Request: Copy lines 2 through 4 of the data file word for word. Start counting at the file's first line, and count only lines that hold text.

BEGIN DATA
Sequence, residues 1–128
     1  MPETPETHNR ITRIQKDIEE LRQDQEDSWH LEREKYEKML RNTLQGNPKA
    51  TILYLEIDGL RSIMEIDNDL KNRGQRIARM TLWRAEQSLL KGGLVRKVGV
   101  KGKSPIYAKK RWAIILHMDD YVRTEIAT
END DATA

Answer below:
     1  MPETPETHNR ITRIQKDIEE LRQDQEDSWH LEREKYEKML RNTLQGNPKA
    51  TILYLEIDGL RSIMEIDNDL KNRGQRIARM TLWRAEQSLL KGGLVRKVGV
   101  KGKSPIYAKK RWAIILHMDD YVRTEIAT